Slaughter and May has appointed a second diversity chief, Susannah Macknay, to assist the firm’s inclusion efforts.
Corporate partner Macknay has been working alongside litigator Ewan Brown, who has been working as the firm’s sole diversity partner since 2012. Macknay took up the post in May, following an appointment by Slaughters’ management board.
Slaughters has also been trialling a new flexi-working initiative, with a view to enabling associates to work from home for one day each fortnight.
The pilot scheme, which was launched in May, is available to four of the firm’s practice groups – dispute resolution, pensions and employment, plus one corporate sub-group and one financial sub-group.
It is currently only an option for associates who have qualified at the firm since September 2012. However, a number of partners have also taken the opportunity to get involved in the scheme.
The trial is being run by Brown, who said: “We’re conscious that flexi-working is something that people are increasingly interested in. This pilot is to look more carefully at how we can offer working from home in a way that ensures we maintain the same standard of experience and service for our clients”.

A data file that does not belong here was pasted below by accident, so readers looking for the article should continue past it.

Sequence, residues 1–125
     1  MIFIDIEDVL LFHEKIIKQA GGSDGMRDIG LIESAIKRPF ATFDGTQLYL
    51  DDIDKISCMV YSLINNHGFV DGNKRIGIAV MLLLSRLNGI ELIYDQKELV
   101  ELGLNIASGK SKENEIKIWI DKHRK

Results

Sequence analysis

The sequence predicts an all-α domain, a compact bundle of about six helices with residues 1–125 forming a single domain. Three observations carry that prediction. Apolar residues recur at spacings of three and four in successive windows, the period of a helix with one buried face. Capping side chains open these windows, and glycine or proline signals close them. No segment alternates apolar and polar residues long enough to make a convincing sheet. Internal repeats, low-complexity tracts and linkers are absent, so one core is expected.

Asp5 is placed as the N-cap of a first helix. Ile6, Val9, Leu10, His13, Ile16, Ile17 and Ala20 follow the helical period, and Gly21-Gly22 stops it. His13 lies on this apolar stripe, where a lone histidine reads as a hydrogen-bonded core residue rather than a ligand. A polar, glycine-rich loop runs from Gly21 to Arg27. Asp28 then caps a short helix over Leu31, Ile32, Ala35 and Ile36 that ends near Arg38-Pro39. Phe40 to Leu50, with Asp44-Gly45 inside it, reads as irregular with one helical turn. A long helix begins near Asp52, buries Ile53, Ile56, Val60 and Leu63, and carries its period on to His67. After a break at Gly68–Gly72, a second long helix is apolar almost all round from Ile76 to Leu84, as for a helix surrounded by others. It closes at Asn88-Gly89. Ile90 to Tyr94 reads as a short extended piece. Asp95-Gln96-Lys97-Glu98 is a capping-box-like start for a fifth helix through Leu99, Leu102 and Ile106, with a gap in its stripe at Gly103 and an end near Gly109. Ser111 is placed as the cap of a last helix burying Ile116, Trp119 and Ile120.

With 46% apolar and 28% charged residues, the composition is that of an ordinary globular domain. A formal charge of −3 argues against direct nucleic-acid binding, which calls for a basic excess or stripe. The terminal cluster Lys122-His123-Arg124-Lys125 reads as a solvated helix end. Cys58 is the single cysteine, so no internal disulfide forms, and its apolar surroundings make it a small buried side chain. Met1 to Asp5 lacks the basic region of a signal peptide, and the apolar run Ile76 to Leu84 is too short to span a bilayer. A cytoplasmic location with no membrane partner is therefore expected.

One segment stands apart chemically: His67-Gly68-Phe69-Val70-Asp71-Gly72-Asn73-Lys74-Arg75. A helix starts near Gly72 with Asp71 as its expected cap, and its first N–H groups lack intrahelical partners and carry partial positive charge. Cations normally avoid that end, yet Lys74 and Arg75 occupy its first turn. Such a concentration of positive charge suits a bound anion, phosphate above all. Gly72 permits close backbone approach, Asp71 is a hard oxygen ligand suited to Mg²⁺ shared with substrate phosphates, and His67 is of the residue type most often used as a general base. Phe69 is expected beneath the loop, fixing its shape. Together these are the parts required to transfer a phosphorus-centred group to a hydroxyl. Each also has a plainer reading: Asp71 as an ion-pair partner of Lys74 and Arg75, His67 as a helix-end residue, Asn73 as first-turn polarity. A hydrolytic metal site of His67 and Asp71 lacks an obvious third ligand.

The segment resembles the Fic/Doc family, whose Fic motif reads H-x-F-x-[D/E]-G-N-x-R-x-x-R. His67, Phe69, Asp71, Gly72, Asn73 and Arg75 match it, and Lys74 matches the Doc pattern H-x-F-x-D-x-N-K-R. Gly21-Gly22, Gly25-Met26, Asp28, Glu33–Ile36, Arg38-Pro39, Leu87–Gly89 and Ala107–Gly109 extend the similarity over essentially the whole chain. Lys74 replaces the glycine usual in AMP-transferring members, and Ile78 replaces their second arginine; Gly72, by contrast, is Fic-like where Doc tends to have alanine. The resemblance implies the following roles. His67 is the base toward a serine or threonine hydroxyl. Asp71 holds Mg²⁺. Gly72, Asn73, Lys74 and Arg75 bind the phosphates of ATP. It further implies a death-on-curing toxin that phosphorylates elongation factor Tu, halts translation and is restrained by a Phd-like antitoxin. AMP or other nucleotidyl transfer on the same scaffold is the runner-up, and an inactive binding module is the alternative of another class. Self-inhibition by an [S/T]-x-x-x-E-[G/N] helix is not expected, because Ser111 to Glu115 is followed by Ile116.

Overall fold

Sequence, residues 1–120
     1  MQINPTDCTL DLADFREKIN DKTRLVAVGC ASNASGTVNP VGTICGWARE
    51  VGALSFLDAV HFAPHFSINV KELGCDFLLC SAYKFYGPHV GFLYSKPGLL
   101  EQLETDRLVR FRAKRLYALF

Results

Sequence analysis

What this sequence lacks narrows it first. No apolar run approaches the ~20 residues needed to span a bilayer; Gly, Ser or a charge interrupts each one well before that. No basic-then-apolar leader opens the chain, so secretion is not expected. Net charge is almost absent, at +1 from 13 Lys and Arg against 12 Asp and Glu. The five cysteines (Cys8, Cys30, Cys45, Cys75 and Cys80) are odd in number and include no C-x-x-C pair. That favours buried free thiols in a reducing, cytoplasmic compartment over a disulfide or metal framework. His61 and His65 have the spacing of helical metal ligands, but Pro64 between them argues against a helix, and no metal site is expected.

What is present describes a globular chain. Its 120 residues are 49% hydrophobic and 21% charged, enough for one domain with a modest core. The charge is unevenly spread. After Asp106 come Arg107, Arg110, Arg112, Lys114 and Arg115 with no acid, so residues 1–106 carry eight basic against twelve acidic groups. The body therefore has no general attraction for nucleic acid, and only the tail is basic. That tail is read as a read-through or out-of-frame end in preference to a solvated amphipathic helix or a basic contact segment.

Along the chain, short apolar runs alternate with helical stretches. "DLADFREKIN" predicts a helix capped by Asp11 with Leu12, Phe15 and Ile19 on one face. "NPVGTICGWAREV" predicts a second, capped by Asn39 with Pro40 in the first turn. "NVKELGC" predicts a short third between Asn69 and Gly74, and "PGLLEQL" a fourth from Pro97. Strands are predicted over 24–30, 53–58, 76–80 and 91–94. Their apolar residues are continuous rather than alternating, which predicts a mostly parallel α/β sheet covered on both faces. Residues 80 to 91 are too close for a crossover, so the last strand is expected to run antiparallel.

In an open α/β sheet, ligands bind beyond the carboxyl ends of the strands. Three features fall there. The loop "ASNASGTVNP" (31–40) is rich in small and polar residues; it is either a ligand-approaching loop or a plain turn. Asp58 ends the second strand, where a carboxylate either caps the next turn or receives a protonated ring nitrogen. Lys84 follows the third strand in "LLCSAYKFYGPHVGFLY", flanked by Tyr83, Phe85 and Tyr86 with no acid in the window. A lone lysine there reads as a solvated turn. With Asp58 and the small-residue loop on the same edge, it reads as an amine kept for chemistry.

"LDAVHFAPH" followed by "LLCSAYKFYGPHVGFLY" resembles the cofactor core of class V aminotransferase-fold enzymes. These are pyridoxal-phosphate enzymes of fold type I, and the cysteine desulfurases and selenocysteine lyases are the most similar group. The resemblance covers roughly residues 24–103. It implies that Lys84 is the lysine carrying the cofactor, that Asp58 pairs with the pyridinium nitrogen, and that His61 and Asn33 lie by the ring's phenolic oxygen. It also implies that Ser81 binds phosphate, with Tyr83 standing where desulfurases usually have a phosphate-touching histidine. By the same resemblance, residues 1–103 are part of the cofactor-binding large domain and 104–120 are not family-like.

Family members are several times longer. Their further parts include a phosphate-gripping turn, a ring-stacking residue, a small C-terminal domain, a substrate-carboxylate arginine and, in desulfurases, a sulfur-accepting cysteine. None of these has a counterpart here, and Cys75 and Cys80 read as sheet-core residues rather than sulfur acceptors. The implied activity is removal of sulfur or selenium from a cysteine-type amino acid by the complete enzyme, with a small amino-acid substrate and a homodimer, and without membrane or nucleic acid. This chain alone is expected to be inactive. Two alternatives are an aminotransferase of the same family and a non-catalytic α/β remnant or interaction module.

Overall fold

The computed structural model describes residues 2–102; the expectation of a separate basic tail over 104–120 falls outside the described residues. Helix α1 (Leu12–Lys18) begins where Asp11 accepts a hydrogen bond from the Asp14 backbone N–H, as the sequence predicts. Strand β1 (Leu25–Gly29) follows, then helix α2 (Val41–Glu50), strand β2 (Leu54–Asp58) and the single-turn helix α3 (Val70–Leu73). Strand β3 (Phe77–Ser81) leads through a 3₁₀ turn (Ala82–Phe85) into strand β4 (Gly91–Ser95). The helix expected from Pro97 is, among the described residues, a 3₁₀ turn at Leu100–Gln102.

It marks a sea change from Slaughters’ more formal flexi-working options such as working reduced hours, which require an official application to be rubber-stamped by practice groups.
The programme is expected to run for at least six months, during which time the firm will collect feedback from those involved.
“It’s early days but we’ll gather more formal feedback as time goes on,” said Brown. “We’ll then use our learning to put together best practice guidelines.”
Unlike a number of other firms including Herbert Smith Freehills (13 March 2014), Pinsent Masons (3 March 2014) and Ashurst (4 June 2014), Slaughters does not plan to set aspirational quotas for its total number of female partners.
Brown added: “There are ways in which we can facilitate more women joining the partnership. We’re focused on that but we don’t think that targets are the right way to go”.
Of the firm’s 120 partners globally, 24 – or one fifth – are women.
Slaughters also said it is not currently considering implementing a blind CV policy for applicants. However, it constantly keeps its recruitment processes under review.
Firms including Clifford Chance (11 November 2013), Mayer Brown (5 March 2014) and Macfarlanes (1 April 2014) have introduced a blind CV policy to increase entry-level diversity over the past nine months.